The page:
I’ve mocked the sometimes risible implications of the British obsession with tying academic research one-for-one with “impact” on industry or society. It’s not absurd to want to ask the question, I would argue, but expecting to be able to get answers about impact on the fine grain that is needed for steering funding decisions leads, I suggest, is a fool’s errand. There is also a (not very) hidden political agenda behind impact: Research that elucidates the origin of the Himalayas or the inner workings of modern religious movements, let us say, has no impact unless the BBC makes a documentary about it. Research that helps one bank increase its market share over another bank by better confusing its customers is rewarded for its impact, because definable (and potentially grateful) people have made money from it.
Nonetheless, the British establishment is not so crass as to suppose that helping to make money is the only possible utility of research. The UK research councils are at pains to point to the multiple “pathways to impact”, through changing public understanding, government policy, health benefits, education. For some purposes, even something as useless as influencing the progress of science can be counted as impact, though it fail to swell the bank account of even the smallest party donor.
To see the full unfolding of impact’s crassness potential, we need to look to Canada. John MacDougal, director of Canada’s National Research Council (NRC), announced his agency’s new focus on impact by saying,
Scientific discovery is not valuable unless it has commercial value.
No hedging there about social impact, contributing to public understanding, government policy, etc. Science minister Gary Goodyear said that
We want business-driven, industry-relevant research and development.
This is not quite as outrageous as astronomer Phil Plait makes it seem, when he contends that “the Canadian government and the NRC have literally sold out science”. And he goes on to say that NRC “will only perform research that has ‘social or economic gain’.” An article quotes Goodyear saying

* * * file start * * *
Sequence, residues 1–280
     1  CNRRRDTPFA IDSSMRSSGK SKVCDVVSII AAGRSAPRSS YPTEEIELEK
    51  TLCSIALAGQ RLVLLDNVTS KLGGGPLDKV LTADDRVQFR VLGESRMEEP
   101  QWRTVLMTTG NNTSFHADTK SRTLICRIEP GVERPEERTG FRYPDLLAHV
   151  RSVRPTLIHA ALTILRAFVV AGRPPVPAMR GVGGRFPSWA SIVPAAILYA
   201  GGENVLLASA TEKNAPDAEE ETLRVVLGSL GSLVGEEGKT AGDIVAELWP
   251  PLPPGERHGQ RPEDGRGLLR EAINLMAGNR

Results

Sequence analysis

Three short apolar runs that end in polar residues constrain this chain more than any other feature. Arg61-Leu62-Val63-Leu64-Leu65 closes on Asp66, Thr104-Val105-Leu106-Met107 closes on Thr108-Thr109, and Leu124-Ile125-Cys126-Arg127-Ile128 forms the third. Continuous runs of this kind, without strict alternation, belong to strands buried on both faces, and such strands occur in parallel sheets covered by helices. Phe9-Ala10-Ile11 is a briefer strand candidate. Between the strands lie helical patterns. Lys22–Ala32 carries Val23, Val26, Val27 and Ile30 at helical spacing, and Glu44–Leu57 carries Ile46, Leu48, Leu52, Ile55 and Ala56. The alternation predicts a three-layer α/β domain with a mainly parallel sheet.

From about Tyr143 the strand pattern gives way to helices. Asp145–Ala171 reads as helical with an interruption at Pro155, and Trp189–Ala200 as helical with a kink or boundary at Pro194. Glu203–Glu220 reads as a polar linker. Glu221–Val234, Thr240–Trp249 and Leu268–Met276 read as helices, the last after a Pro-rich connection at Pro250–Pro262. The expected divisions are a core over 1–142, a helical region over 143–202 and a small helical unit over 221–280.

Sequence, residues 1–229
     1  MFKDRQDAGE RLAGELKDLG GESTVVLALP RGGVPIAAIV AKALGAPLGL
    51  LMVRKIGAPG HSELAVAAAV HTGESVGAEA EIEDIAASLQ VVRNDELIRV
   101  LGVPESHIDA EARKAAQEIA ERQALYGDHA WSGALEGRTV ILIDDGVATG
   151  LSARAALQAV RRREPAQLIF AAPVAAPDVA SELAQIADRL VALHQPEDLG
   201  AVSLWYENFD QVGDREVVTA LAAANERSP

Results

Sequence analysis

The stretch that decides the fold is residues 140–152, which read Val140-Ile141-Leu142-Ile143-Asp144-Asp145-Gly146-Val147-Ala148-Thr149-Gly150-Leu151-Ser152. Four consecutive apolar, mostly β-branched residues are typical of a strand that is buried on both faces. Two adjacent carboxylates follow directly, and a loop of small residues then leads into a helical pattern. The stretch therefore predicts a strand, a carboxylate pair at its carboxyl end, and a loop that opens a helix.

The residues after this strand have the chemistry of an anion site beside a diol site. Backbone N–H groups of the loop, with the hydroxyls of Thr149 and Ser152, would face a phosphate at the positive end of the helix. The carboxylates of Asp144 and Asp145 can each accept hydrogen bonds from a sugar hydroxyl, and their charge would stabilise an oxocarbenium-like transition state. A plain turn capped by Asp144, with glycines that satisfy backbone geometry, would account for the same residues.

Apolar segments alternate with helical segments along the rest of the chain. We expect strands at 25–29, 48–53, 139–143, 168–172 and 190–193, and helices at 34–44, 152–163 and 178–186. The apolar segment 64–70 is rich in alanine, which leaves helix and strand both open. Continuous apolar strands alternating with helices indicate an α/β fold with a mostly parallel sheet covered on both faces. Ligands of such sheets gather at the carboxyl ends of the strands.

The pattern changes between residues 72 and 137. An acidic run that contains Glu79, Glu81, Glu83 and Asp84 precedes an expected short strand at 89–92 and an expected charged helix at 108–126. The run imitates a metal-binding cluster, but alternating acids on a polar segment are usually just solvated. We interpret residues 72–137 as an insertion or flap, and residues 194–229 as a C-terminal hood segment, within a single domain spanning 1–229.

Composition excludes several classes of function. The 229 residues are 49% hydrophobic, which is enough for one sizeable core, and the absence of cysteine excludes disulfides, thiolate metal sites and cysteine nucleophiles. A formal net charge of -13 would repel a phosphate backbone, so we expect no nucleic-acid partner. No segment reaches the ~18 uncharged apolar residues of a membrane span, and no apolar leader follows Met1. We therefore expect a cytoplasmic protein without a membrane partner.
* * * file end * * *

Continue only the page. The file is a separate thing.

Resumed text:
the government isn’t abandoning basic science, just shifting its focus to commercializing discoveries. “The day is past when a researcher could hit a home run simply by publishing a paper on some new discovery,” he said. “The home run is when somebody utilizes the knowledge that was discovered for social or economic gain.”
Furthermore, you would think from reading Plait that NRC would otherwise be responsible for funding basic scientific research in Canada, but it spun off most of those duties to the funding agencies — NSERC (National Science and Engineering Research Council), CIHR (Canadian Institutes for Health Research), and SSHRC (Social Sciences and Humanities Research Council) — back in the late 1970s, I believe. When I was a professor at Queen’s University I never heard anyone talk about NRC. So far as I can tell, it’s long been on the applied and practical end of research in Canada, and that’s fine that the government is concerned with that end of the process.
Still, Goodyear’s line is pretty crass, as well as short-sighted, and not just for historical reasons, because these so-called “home runs” were never simply the result of a single paper. I don’t know much about baseball, but I doubt that teams win games by aiming to maximise the number of home runs. That’s why successful science policy recognises the overriding importance of fostering a thriving scientific culture. I suspect this is the result of “winner take all” economics percolating into science policy.
It’s not that economic and social impact are irrelevant — it would be hard to justify sending researchers to explore the core of a black hole, where the enormous knowledge they would gain could never be communicated back to the rest of humanity — but it has long been recognised that it is hard enough to try to judge the scientific value of new research; trying to judge the potential spin-offs and the real long-term impact of scientific research is just hopeless.
Also, “social or economic gain” sounds fairly general, but the context leads one to suspect that they are mainly eager to promote the interests of business, which are not identical with the interests of the nation. Goodyear is quoted saying
Our businesses are not doing the research that they need to do, so something had to be done.
If the businesses aren’t doing the research into problems directly related to their concerns, then maybe they have judged for good reasons that it is not worth doing. You would expect the free market to price such research appropriately. Public research should probably be directed primarily where you would expect markets to fail; that is, at research whose value is hard to quantify, or hard to evaluate in the short-term, or that won’t enrich any one individual at the expense of another. In other words, the near antithesis of “impact”.